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Arthritis Rheum. 2003 Jul;48(7):1979-91.

Monocyte chemoattractant protein 3 as a mediator of fibrosis: Overexpression in systemic sclerosis and the type 1 tight-skin mouse.

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Royal Free Hospital and University College Medical School, London, UK.



To determine the gene-expression profile in dermal fibroblasts from type 1 tight-skin (Tsk1) mice, and to examine the expression and potential fibrotic activity of monocyte chemoattractant protein 3 (MCP-3) in Tsk1 mouse and human systemic sclerosis (SSc) skin.


Complementary DNA microarrays (Atlas 1.2) were used to compare Tsk1 fibroblasts with non-Tsk1 littermate cells at 10 days, 6 weeks, and 12 weeks of age. Expression of MCP-3 protein was assessed by Western blotting of fibroblast culture supernatants, and localized in the mouse and human skin biopsy samples by immunohistochemistry. Activation of collagen reporter genes by MCP-3 was explored in transgenic mouse fibroblasts and by transient transfection assays.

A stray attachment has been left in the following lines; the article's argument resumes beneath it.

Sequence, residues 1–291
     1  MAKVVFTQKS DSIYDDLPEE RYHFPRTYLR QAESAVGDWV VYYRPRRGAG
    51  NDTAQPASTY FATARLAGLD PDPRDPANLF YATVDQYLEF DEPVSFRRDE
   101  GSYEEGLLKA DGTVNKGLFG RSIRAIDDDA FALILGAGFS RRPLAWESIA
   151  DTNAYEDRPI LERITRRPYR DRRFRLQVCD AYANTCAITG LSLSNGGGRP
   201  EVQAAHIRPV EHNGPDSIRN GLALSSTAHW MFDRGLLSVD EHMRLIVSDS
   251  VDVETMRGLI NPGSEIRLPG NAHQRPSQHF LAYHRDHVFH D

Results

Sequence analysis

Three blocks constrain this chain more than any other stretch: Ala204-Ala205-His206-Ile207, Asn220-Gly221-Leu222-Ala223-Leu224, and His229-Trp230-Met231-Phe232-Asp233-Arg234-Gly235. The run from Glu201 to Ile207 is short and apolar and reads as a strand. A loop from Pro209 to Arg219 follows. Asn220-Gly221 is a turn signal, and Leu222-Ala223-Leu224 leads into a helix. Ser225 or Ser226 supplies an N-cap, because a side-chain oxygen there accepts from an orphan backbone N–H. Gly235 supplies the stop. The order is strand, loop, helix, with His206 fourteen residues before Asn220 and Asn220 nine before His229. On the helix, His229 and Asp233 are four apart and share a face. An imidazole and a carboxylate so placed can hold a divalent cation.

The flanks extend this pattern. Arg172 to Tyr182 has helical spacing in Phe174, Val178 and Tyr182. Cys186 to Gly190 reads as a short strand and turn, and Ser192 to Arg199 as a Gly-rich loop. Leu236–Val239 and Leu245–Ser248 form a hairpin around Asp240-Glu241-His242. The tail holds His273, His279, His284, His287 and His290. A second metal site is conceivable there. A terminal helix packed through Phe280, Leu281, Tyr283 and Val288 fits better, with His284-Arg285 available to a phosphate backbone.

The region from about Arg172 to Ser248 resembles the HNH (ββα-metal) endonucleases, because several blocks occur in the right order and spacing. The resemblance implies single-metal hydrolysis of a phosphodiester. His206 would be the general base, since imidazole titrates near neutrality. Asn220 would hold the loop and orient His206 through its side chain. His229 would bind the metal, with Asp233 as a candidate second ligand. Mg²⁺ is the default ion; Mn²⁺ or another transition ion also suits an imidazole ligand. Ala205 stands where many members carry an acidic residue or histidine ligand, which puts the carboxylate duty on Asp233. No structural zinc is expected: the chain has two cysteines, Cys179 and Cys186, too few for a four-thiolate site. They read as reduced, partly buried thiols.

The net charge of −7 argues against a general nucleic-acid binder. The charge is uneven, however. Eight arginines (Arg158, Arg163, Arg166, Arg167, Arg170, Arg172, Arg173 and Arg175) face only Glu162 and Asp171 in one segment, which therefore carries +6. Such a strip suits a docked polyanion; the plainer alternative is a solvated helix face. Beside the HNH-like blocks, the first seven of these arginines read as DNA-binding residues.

MCP-3 was highly overexpressed by neonatal Tsk1 fibroblasts and by fibroblasts cultured from the lesional skin of patients with early-stage diffuse cutaneous SSc. Immunolocalization confirmed increased expression of MCP-3 in the dermis of 4 of 5 Tsk1 skin samples and 14 of 28 lesional SSc skin samples, compared with that in matched healthy mice (n = 5) and human controls (n = 11). Proalpha2(I) collagen promoter-reporter gene constructs were activated by MCP-3 in transgenic mice and by transient transfection assays. This response was maximal between 16 and 24 hours of culture and mediated via sequences within the proximal promoter. The effects of MCP-3 could be diminished by a neutralizing antibody to transforming growth factor beta.


We demonstrate, for the first time, overexpression of MCP-3 in early-stage SSc and in Tsk1 skin, and suggest a novel role for this protein as a fibrotic mediator activating extracellular matrix gene expression in addition to promoting leukocyte trafficking. This chemokine may be an important early member of the cytokine cascade driving the pathogenesis of SSc.

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